Shay, E., Rodriguez, D.A., Cho, G., Clifton, K.J., & Evenson, K.R. (2009). Comparing Objective Measures of Environmental Supports for Pedestrian Travel in Adults. International Journal of Health Geographics, 8(62).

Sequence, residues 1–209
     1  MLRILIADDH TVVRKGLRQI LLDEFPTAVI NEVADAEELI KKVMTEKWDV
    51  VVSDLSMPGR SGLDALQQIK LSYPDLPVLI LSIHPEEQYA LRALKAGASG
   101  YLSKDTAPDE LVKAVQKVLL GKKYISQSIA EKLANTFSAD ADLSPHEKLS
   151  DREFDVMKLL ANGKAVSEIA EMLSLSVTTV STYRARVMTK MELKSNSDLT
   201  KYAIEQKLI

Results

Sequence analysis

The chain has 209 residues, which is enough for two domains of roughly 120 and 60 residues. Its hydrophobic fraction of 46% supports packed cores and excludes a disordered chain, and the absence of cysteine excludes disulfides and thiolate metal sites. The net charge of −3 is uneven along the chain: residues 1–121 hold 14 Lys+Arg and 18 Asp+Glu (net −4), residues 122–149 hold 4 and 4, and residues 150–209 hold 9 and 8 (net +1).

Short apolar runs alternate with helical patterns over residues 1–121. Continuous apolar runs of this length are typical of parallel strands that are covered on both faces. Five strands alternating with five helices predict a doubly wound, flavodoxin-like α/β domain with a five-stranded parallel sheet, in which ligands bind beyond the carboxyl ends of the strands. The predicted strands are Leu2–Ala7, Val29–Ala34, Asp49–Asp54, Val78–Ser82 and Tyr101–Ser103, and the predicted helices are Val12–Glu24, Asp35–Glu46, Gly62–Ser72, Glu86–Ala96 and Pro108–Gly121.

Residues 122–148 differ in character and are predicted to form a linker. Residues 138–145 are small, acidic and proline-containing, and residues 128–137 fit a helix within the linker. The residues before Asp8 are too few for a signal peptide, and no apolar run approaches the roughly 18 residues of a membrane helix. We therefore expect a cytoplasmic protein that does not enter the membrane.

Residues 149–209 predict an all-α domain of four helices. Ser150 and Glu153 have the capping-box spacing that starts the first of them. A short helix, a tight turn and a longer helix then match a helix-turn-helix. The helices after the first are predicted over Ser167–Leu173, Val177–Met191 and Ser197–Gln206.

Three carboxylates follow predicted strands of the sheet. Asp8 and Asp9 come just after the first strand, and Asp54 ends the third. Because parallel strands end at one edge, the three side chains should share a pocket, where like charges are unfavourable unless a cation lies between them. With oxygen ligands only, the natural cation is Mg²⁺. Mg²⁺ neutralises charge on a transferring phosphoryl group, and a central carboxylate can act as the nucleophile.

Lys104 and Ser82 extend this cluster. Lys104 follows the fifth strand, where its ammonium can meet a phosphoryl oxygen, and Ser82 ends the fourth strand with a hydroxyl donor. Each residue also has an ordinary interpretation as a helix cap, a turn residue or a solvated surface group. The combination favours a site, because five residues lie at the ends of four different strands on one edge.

BACKGROUND: Evidence is growing that the built environment has the potential to influence walking--both positively and negatively. However, uncertainty remains on the best approaches to representing the pedestrian environment in order to discern associations between walking and the environment. Research into the relationship between environment and walking is complex; challenges include choice of measures (objective and subjective), quality and availability of data, and methods for managing quantitative data through aggregation and weighting. In particular, little research has examined how to aggregate built environment data to best represent the neighborhood environments expected to influence residents' behavior. This study examined associations between walking and local pedestrian supports (as measured with an environmental audit), comparing the results of models using three different methods to aggregate and weight pedestrian features. METHODS: Using data collected in 2005-2006 for a sample of 251 adult residents of Montgomery County, MD, we examined associations between pedestrian facilities and walking behaviors (pedestrian trips and average daily steps). Adjusted negative binomial and ordinary least-squares regression models were used to compare three different data aggregation techniques (raw averages, length weighting, distance weighting) for measures of pedestrian facilities that included presence, condition, width and connectivity of sidewalks, and presence of crossing aids and crosswalks. RESULTS: Participants averaged 8.9 walk trips during the week; daily step counts averaged 7042. The three aggregation techniques revealed different associations between walk trips and the various pedestrian facilities. Crossing aids and good sidewalk conditions were associated with walk trips more than were other pedestrian facilities, while sidewalk facilities and features showed associations with steps not observed for crossing aids and crosswalks. CONCLUSION: Among three methods of aggregation examined, the method that accounted for distance from participant's home to the pedestrian facility (distance weighting) is promising; at the same time, it requires the most time and effort to calculate. This finding is consistent with the behavioral assumption that travelers may respond to environmental features closer to their residence more strongly than to more distant environmental qualities.